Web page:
INDIANAPOLIS (WISH) — Hundreds of central Indiana children could be in danger going to their own school or day care. As a parent, you may have checked the sex offender registry for your own neighborhood, but what about your child’s day care or school?
There are more than 11,000 registered sex offenders in Indiana, including more than 1,500 just in Marion County. The law says most sex offenders can’t live near a school or park. But I-Team 8 found many that do.
During a months-long investigation, I-Team 8 encountered a number of different scenarios when knocking on the doors of registered sex offenders.
“Channel News 8 going to do something about the fact I am living close to a day care and a park,” one woman told someone else in the home.
“Turn that [expletive] off man before I beat your [expletive]. Now see I’m a violent offender. I’ll do something dirty to you,” an offender at a different home said.
They were two convicted child molesters living within sight of two day cares in one area of town, where most think they couldn’t. I-Team 8 asked one of the offenders why they lived so close to a day care or park. The woman didn’t answer have a clear answer. She’s less than 500 feet from a day care and asked us to shut off our cameras.
Our investigation found they are among hundreds in Marion County. They live close legally despite state law banning sex offenders that are “sexually violent predators” or an “offender against children” from living 1,000 feet from a school, day care, park or youth center.
I-Team 8 tracked two other sexually violent predators registered with the state. They are directly across the street from Rosie’s Tiny Tots at 46th Street and Ralston Avenue. Pointing across the street, we asked the day care supervisor if they were aware there are two registered sex offenders who live right on the corner. The supervisor said they weren’t.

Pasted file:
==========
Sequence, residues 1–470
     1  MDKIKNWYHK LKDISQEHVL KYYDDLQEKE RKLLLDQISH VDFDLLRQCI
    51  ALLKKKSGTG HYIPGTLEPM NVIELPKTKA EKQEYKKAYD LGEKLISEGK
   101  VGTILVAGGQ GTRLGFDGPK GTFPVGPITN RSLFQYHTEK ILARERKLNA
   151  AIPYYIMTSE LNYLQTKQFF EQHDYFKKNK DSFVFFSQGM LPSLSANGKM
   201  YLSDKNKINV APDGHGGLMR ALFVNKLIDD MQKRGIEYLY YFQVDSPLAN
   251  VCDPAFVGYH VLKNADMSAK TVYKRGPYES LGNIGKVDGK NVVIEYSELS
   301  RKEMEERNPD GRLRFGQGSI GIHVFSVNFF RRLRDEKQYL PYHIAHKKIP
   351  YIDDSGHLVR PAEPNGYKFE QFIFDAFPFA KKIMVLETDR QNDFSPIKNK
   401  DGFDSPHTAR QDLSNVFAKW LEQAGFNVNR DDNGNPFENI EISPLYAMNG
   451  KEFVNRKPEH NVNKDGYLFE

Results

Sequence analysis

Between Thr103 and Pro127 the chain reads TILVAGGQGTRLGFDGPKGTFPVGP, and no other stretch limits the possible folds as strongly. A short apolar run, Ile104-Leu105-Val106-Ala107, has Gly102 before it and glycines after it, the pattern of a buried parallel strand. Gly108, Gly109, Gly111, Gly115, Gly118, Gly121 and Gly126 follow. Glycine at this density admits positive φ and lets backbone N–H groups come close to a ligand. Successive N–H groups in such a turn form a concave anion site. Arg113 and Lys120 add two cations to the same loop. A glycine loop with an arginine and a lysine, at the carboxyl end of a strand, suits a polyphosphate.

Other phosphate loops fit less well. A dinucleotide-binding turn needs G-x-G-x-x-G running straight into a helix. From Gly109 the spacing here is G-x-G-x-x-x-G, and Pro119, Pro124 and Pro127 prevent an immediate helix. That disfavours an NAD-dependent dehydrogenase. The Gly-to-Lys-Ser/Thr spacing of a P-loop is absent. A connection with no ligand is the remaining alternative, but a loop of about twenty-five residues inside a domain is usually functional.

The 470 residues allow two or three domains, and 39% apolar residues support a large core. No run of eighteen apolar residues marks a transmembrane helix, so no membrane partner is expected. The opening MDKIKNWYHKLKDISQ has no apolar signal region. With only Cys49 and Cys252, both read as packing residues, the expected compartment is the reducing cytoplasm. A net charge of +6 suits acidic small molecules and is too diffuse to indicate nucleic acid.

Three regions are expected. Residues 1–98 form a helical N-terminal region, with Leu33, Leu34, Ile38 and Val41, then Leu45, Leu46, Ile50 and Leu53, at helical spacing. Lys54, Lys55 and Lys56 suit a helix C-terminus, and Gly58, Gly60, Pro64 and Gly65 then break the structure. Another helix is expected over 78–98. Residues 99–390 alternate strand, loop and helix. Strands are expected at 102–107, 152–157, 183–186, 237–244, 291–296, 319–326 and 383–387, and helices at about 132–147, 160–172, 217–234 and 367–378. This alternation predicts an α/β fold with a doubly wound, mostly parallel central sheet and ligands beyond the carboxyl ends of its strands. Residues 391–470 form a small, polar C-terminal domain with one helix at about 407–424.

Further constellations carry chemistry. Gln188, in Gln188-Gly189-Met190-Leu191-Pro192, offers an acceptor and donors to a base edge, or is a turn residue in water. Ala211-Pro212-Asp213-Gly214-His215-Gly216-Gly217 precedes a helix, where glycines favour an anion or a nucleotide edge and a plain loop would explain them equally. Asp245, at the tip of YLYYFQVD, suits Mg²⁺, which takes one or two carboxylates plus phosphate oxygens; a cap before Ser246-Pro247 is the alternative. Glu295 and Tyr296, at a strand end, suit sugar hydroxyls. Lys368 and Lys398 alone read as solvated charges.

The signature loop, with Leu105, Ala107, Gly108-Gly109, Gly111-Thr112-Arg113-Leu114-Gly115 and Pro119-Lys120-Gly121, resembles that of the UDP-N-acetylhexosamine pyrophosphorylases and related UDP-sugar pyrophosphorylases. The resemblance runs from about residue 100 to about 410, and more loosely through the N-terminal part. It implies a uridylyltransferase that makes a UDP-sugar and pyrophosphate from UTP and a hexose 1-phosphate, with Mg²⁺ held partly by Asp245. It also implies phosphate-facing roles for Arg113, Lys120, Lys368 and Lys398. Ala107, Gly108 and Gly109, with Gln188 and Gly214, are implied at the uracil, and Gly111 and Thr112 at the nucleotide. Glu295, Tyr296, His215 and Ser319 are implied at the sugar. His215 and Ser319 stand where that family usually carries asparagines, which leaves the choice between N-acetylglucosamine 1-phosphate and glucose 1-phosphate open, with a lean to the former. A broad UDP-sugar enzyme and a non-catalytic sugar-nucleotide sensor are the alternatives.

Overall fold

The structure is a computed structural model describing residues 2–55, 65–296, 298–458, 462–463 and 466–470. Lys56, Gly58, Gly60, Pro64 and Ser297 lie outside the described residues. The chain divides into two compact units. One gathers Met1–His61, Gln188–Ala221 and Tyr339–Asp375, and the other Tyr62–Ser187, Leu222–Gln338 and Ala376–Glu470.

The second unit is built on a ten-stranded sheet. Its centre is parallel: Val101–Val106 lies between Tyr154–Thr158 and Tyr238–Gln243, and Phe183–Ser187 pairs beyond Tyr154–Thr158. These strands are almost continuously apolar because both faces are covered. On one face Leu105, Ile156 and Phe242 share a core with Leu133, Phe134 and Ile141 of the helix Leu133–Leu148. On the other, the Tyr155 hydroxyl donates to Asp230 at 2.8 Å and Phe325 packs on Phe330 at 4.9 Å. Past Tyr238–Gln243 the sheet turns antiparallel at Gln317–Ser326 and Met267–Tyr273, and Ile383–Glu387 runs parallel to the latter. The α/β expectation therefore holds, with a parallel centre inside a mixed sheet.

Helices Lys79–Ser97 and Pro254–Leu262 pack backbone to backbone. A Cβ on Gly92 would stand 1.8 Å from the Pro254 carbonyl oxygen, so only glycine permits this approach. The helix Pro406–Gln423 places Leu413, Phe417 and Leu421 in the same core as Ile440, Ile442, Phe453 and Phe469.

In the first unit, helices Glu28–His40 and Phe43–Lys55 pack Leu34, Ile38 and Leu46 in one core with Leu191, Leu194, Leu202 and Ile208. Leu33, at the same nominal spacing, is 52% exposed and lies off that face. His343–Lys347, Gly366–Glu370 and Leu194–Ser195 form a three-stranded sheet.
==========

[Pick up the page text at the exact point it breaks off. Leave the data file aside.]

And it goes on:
It took four tries before I-Team 8 found convicted offender Terrel Pearson home. I-Team 8 questioned him about living across the street from the day care. He is not allowed. But his roommate, who is also listed by the state as a sexually violent predator, is allowed to live there. The day care director confirmed she has seen him.
It all comes down to date of conviction. Pearson was convicted after the 1,000-foot law went into effect in July 2006. His roommate was convicted before July 2006.
The date discrepancy creates some confusion among sheriff’s deputies.
“There are problems, lots of problems,” Marion County Sheriff John Layton said of the regulations.
In Indiana, each sheriff is charged with making sure sex offenders follow the law. I-Team 8 showed Layton a map we created that shows offenders and their proximity to schools and day cares. In one case, there are six offenders living within 1,000 feet of a daycare.
Layton says it’s complicated.
“A lot involved in trying to figure out just who’s who, who can be where, who cannot be where,” he said.
That’s part of the problem, he said.
GEIST SEX OFFENDER
Geist residents are outraged at a sex offender who lives just steps away from the soccer fields where children play. I-Team 8 drove by two schools to get to the home of registered sex offender Brian Mehring, who never answered when we knocked to find out why he would move there.
Neighbor Doug Hardwick calls him “a predator” and questions “Who missed this? Was it Marion County? The sheriff’s department? Indiana Department of Correction?”
As I-Team 8 learned, it was actually the sheriff’s department.
“We believe he is in violation,” Sheriff Layton said. “100 percent violation.”
But a computer glitch at the sheriff’s office went door to door instead of by property lines as the law reads and mistakenly gave Mehring the OK to live there in August.
“We don’t want him here,” Hardwick said.
I-Team 8 obtained a copy of a letter from the sheriff to the prosecutor in November, finding Mehring in violation and forcing him to move. For three months, the prosecutor’s office took no action — until the day I-Team 8 questioned the sheriff. That’s when Mehring was ordered by the prosecutor to move within 60 days.
“I’d like to see the law more streamlined so it is more clear cut, it is more black and white,” Sheriff Layton said.
I-Team 8’s investigation is already prompting action from legislators. State Senator Jim Merritt (R-Indianapolis) wants to get the law changed next session.
“It’s an issue that is so complex that the legislature really needs to take control,” Merritt said.
Pearson — who was across the street from a day care — was told he had to move. I-Team 8 accompanied Deputy Jeff Simmons the day he told Pearson to move. Deputy Simmons confirmed that Pearson is within 1,000 feet of a day care and will need to move. Pearson was told he has 30 days to move and deputies will check that.
WISH-TV compared registered sex offender addresses with licensed day cares and schools to show offenders living within 1,000 feet of a school.
Remember, the law says some can live there legally.
Seventeen states have some of the toughest federal regulations on sex offenders. Indiana is not one of them.
It’s an issue we’ll continue to follow.